Occasionally, a customer may complain that “the brakes just don’t feel the same as before.” In other words, the new brakes may not feel as sensitive as the old ones. Keep in mind that loose wheel bearings will cause sponginess in disc brakes.

Second, many rear disc brakes incorporate a park brake mechanism that adjusts itself each time the park brake is applied. If the driver doesn’t occasionally use the park brake, excess clearance develops between the rear disc pads and the rotors, which causes a low brake pedal. Some of these mechanisms can also become corroded through lack of use, which complicates the repair.

Last, anti-lock braking systems require special brake bleeding procedures. In some cases, an interactive computer scanner is required to flush air out of the system. If the new brakes “don’t feel the same,” one or more of these factors may be responsible.

CORRECTLY RESURFACING ROTORS
Unfortunately, many repair shops don’t use the correct mounting fixtures or use the correct procedures to correctly resurface rotors. Many technicians use brake drum fixtures, for example, to mount rotors on the brake lathe. These old-style fixtures simply lack the accuracy to align the rotor at a perfect perpendicular angle with the brake lathe arbor.

Other times, brake techs don’t make sure the rotor is mounted correctly on the lathe. Before mounting the rotor, the chips and grease should be cleaned from the mounting fixtures and arbor. The fixtures should also be free of nicks and burrs. If a hub-type rotor, on which the fixtures bear against the wheel bearing races is being turned, the bearing races must be pressed securely into the hub, and be free of chips and debris.

If a hubless rotor is being turned, the rust should be buffed from the lug bolt surfaces of the rotor with an abrasive buffing pad. It also pays to use mounting fixtures specially designed to mount hubless or stamped-steel hub composite rotors. These fixtures offer optimum accuracy and have enough mass to significantly reduce lathe vibration.

The last step after mounting a rotor to a lathe is to check the accuracy of the set-up. The quickest procedure is to start the lathe, take a light scratch cut on the rotor with the cutting bit, and then shut the lathe off. The arbor nut should then be loosened and the rotor or rotor/fixture assembly rotated one-half turn.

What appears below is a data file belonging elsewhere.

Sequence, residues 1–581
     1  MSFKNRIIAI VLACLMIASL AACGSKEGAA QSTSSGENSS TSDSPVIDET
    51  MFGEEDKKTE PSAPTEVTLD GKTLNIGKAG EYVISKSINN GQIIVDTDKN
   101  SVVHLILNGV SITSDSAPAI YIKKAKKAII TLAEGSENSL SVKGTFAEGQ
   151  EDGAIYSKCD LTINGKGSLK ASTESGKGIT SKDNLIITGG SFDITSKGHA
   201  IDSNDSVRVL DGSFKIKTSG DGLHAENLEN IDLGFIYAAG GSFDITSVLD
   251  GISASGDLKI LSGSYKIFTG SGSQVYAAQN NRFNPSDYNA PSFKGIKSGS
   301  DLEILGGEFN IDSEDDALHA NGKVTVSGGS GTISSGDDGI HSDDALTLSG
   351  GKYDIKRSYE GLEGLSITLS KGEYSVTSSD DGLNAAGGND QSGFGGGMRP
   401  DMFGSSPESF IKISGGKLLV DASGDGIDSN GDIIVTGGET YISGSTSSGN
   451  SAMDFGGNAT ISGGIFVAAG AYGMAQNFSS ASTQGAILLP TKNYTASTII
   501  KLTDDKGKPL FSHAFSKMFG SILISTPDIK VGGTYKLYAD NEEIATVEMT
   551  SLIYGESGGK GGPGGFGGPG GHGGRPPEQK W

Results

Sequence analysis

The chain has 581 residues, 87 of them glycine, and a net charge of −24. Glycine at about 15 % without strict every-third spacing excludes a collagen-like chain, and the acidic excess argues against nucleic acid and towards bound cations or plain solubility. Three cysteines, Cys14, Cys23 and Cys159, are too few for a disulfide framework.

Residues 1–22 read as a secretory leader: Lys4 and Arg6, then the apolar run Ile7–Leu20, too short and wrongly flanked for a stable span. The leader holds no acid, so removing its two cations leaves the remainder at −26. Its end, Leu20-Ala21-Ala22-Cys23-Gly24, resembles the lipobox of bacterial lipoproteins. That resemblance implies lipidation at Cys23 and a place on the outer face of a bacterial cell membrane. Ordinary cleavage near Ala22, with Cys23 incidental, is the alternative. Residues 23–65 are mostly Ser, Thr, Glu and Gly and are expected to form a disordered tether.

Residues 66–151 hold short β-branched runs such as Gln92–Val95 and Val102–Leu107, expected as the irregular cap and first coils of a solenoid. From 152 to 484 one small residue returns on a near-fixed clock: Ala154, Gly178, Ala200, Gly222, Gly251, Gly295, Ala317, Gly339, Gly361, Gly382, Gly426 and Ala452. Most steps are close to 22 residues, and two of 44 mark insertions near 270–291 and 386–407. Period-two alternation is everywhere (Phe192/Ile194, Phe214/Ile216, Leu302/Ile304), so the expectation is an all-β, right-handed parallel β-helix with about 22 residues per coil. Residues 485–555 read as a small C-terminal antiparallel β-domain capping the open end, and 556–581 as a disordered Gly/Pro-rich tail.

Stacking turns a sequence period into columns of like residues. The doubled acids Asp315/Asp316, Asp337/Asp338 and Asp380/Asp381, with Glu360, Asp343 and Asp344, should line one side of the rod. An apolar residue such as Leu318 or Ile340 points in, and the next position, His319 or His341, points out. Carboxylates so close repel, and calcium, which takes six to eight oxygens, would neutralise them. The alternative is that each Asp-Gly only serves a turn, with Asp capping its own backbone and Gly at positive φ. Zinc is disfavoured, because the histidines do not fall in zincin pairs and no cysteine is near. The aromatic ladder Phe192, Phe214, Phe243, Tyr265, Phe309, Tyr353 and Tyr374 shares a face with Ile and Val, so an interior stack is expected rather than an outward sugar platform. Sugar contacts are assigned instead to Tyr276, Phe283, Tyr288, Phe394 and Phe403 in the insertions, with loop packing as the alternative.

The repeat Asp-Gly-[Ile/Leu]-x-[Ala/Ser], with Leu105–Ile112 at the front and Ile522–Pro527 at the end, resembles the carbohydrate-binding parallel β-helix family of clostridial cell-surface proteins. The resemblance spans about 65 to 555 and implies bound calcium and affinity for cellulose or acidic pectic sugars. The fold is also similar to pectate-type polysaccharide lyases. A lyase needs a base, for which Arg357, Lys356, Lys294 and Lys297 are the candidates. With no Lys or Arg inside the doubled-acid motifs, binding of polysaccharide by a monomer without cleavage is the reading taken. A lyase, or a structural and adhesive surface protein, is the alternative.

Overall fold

After the arbor nut is retightened, the lathe should be started and another scratch cut taken. If the lathe and set-up are accurate, the scratch cuts should occur at the same place on the rotor. If not, the set-up or fixtures are incorrect for the application.

The following two tabs change content below.

Gary Goms

Gary Goms is a former educator and shop owner who remains active in the aftermarket service industry. Gary is an ASE-certified Master Automobile Technician (CMAT) and has earned the L1 advanced engine performance certification. He also belongs to the Automotive Service Association (ASA) and the Society of Automotive Engineers (SAE).
Latest articles from our other sites:

Monroe Announces Savings On Ride Control Components Through Promotion

Celebrate summer and the freedom to head out on the road with the Monroe Summer “Sale-A-Bration” promotion, where motorists can save on the replacement of worn shock absorbers and struts. The program,...More

Philips Headlight Restoration Kit Offers Like-New Condition In Less Than 30 Minutes

Philips Automotive North America, a division of Royal Philips, offers an advanced and easy-to-use solution for hazy and yellowed plastic headlight lenses. The Philips Headlight Restoration Kit is designed...More

Toyotas, Hondas Most Likely to Eclipse 200,000 Miles

Chances are if a vehicle comes into your shop eclipsing the 200,000-mile mark, it’s going to have a Japanese nameplate attached, according to a recent Consumer Reports reader survey. The survey, which...More

ZF 8-Speed Transmission Replacement

The ZF 8HP transmission made its debut in 2009, and since its introduction, has been one of the top choices for international car manufacturers. BMW, one of ZF’s largest customers, uses the 8HP across...More

Save Up to $250 on Snap-on Diagnostic Software Upgrade 15.2

Now through July 31, 2015, Snap-on is offering technicians up to $250 off the list price for the new Software Upgrade 15.2, plus get the new 15.4 software upgrade for free. This limited-time offer from...More

Capture Hard-to-Find Glitches with New Labscope from Injectronic

The Injectronic Labscope No. 5556-A, puts high performance waveform capture in your PC or in the CJ500 diagnostic tool. It's like having a labscope in standalone mode when used with the CJ500 or as...More

Chicago Auto Show Display Takes 1.0L EcoBoost Apart

One of many highlights in the Ford booth at the 107th Chicago Auto Show was a large layout of the pieces that make up the first-ever Ford three-cylinder EcoBoost engine. This 1.0 liter turbocharged, direct-injection...More

Performance V6 and Four Bangers

Any engine builder worth his or her torque wrench keeps their eyes open. They’re looking for anything and everything to make work easier, better and, of course, more profitable. And just as important...More